Delete that Character folder you made in Research, because we want to update the template and recreate it from scratch.

Now you can set this “custom” Text document as the default sub-document for our Character folder template:

Screen Shot 2016-10-31 at 2.50.07 PM.png

screen-shot-2016-10-31-at-2-52-15-pm

Now make a Character in your Research‘s Characters folder, and push [Enter] again inside of that Character, and you’ll see your Text file appear instead of a nested Character.

Perfect!

Once you spawn a copy of a template, Scrivener doesn’t track where it came from, so old copies won’t get updated if you alter settings on the original template.  This is why you should either trash the broken version of the Character that we made before we realized this mistake, or you should go back and set the Character‘s default sub-document type to the new Text type.

Nested Templates as default sub-documents

screen-shot-2016-10-31-at-2-57-46-pm

You can set sub-documents for sub-documents!

Here, I’ve built out a World template because in my story there are going to be a few of those, and I want to track some basic info about them.  In addition, I need to list the cities or points of interest, and each of those places might have any number of notes, from “This is the capital” to “So-and-so died here”.

So we have an empty Places folder in the World template.  Rather than loading a handful of blanks to get it started, I leave it empty, then make a lonely Place template (green flag in the image above) outside of the World template.

Now you can do what you’ve done before: Set the Places folder to use Place as the default sub-document:

Screen Shot 2016-10-31 at 4.38.14 PM.png

Make sure for both World and Place, the default sub-document is our custom Text type so that we don’t accidentally make nested Worlds in Worlds, and Places in Places:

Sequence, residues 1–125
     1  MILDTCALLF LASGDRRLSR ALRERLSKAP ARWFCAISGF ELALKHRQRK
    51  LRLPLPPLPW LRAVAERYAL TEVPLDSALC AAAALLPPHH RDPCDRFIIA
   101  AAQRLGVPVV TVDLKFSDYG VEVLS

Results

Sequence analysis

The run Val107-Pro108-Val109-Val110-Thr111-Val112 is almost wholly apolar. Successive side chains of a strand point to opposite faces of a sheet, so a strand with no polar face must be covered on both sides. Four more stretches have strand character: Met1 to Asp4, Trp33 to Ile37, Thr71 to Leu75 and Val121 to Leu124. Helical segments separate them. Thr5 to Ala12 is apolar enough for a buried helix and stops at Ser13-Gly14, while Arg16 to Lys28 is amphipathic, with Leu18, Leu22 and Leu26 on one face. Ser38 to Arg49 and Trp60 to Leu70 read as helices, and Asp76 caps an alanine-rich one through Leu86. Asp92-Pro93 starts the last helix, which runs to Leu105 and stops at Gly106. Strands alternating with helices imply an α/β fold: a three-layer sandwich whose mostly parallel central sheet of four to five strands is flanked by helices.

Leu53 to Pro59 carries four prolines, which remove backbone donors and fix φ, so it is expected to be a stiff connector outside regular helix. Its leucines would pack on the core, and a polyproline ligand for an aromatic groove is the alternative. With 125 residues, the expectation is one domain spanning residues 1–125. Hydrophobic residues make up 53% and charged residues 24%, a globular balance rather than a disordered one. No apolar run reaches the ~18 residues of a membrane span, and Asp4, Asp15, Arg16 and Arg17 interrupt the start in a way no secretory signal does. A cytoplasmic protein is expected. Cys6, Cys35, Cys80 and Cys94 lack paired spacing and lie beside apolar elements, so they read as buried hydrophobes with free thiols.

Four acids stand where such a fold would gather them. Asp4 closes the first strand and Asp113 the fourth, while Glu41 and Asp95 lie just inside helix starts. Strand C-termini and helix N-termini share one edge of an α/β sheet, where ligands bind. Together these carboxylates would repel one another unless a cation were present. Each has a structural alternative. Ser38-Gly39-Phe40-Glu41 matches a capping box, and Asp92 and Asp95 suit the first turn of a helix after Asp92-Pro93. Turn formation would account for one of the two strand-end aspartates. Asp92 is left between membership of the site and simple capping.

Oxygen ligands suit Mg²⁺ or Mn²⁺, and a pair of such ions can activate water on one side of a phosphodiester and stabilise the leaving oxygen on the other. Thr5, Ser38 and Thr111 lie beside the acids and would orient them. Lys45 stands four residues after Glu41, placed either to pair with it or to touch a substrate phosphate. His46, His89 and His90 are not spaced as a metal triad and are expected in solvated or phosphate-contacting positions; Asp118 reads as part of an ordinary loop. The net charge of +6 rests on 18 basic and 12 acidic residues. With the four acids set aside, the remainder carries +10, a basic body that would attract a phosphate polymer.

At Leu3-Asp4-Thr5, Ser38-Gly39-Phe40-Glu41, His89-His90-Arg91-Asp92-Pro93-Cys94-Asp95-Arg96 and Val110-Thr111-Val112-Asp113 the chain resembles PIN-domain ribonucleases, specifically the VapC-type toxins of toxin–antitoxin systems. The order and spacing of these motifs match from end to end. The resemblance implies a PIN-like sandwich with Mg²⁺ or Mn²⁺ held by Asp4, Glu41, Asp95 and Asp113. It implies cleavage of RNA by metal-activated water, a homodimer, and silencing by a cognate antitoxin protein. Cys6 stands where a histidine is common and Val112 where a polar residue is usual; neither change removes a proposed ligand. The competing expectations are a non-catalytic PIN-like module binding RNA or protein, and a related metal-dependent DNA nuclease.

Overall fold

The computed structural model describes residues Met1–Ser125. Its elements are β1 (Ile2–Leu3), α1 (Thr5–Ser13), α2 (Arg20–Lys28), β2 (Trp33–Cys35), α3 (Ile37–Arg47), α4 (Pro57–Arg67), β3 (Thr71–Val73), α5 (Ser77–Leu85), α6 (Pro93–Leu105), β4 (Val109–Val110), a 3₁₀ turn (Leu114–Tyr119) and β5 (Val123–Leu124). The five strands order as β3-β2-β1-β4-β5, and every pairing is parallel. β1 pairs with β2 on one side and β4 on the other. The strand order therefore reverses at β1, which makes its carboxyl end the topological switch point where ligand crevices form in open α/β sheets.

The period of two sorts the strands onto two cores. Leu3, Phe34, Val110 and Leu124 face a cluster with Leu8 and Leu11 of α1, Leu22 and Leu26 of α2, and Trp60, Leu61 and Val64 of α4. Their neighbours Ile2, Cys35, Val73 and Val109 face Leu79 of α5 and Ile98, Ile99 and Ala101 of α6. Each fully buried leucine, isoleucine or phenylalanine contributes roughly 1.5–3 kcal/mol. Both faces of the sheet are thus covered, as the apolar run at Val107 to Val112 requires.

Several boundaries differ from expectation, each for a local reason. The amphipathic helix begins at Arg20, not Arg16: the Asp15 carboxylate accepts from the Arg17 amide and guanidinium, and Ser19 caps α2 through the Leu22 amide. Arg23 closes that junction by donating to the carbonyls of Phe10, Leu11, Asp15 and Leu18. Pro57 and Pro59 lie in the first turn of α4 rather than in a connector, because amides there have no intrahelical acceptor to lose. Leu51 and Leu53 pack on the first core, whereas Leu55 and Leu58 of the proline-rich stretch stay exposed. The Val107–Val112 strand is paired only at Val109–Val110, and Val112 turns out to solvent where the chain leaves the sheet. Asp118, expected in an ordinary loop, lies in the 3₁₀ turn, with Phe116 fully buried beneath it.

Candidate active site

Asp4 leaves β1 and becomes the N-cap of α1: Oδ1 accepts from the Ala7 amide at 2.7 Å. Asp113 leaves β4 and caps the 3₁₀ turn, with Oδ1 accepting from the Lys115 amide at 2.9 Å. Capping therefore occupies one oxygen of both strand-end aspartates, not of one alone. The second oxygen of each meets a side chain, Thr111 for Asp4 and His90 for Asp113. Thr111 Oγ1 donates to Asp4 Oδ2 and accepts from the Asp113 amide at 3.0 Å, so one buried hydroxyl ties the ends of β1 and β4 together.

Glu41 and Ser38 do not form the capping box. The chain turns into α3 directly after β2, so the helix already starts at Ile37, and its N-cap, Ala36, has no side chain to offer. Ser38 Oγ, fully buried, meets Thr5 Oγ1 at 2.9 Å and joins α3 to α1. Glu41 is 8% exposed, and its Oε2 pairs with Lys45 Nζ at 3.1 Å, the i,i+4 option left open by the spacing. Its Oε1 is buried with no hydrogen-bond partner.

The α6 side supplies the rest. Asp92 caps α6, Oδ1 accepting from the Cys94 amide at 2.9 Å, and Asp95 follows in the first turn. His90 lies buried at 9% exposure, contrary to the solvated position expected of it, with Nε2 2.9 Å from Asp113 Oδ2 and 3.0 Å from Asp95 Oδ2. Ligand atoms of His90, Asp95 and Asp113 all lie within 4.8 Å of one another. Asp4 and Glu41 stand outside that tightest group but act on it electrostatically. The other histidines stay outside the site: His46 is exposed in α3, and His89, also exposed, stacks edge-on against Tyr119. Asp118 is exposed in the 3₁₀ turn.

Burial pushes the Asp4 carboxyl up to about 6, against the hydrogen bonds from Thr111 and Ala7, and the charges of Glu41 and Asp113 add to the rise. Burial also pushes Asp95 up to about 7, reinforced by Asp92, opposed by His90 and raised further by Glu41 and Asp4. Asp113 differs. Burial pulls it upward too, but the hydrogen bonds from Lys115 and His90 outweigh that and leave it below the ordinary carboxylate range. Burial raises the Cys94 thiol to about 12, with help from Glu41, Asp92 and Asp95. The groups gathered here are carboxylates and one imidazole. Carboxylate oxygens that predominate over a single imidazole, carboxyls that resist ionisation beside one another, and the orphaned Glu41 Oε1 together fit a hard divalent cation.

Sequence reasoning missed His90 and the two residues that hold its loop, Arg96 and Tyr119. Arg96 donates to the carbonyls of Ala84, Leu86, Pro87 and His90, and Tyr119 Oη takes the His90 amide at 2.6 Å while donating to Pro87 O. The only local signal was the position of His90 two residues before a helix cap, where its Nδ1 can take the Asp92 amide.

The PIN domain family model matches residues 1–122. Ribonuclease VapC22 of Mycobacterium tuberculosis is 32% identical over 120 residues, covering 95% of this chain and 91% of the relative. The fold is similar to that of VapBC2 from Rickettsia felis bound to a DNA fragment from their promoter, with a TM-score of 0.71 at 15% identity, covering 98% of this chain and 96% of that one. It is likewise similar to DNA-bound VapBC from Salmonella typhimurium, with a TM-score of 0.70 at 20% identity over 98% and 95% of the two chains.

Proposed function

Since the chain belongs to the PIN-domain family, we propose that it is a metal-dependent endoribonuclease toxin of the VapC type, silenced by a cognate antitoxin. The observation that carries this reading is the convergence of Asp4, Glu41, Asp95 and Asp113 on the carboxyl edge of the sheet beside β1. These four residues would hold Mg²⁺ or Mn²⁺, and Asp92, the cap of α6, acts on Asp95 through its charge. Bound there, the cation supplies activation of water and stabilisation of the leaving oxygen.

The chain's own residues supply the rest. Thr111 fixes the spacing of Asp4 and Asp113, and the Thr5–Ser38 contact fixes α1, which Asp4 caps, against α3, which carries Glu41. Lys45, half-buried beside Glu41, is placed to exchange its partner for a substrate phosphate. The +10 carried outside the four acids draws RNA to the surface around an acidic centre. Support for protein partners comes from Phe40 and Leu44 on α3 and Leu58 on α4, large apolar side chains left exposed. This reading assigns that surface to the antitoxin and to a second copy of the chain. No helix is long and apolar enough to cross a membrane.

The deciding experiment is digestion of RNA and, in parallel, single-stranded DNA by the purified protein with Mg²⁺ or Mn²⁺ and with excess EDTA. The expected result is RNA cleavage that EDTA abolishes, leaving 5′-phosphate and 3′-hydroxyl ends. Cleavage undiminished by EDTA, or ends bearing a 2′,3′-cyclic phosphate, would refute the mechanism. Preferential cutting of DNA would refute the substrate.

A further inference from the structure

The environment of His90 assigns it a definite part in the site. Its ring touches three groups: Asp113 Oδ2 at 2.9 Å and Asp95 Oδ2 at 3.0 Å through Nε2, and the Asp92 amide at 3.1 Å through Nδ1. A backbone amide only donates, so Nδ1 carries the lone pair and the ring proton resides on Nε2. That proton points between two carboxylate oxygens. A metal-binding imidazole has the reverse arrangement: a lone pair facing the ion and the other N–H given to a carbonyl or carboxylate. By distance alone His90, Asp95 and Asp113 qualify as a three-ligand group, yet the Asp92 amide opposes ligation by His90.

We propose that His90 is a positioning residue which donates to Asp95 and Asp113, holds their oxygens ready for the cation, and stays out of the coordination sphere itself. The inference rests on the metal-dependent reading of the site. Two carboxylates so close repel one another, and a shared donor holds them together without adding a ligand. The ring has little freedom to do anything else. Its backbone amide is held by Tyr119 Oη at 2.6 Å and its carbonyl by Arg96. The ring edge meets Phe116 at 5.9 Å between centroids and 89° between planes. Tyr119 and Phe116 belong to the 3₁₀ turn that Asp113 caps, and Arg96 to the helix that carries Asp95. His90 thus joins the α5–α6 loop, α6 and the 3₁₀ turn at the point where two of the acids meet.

screen-shot-2016-10-31-at-4-43-17-pm screen-shot-2016-10-31-at-4-41-33-pm

And finally, you can create a proper Worlds folder in your Research and set the sub-type to spawn World templates:

screen-shot-2016-10-31-at-4-39-35-pm

Each World comes with set of skeleton documents for notes, and a Places folder which spawns Place templates.  The Place templates are empty, but you can generate as many notes as you want.

screen-shot-2016-10-31-at-4-52-56-pm

To the left is the final view of the templates and example research that I built.

The best way to make the most of templates for faster project construction is to use them as default sub-document types, like we’ve done here.

This may seem like a time-consuming effort, but I highly recommend that you save a stripped down version of this as a custom project template.  Even if you find yourself customizing it for each project, this can be fun to tinker with and can ultimately save you a lot of fiddling.

I have a workflow for my Draft as well, which is to create Chapter templates that spawn simple Scene text files with a name pattern that I like, such as “City: Location”.  It’s a tiny thing, but it makes working in the Binder completely effortless.

When you save a Scrivener project a new project template, you should keep things like our Characters and Worlds folder, but make sure they’re empty and have the right template set as their default sub-document type.  This will let you start a new project and immediately get to work!

screen-shot-2016-10-31-at-4-56-11-pm

And now you’re a template power user!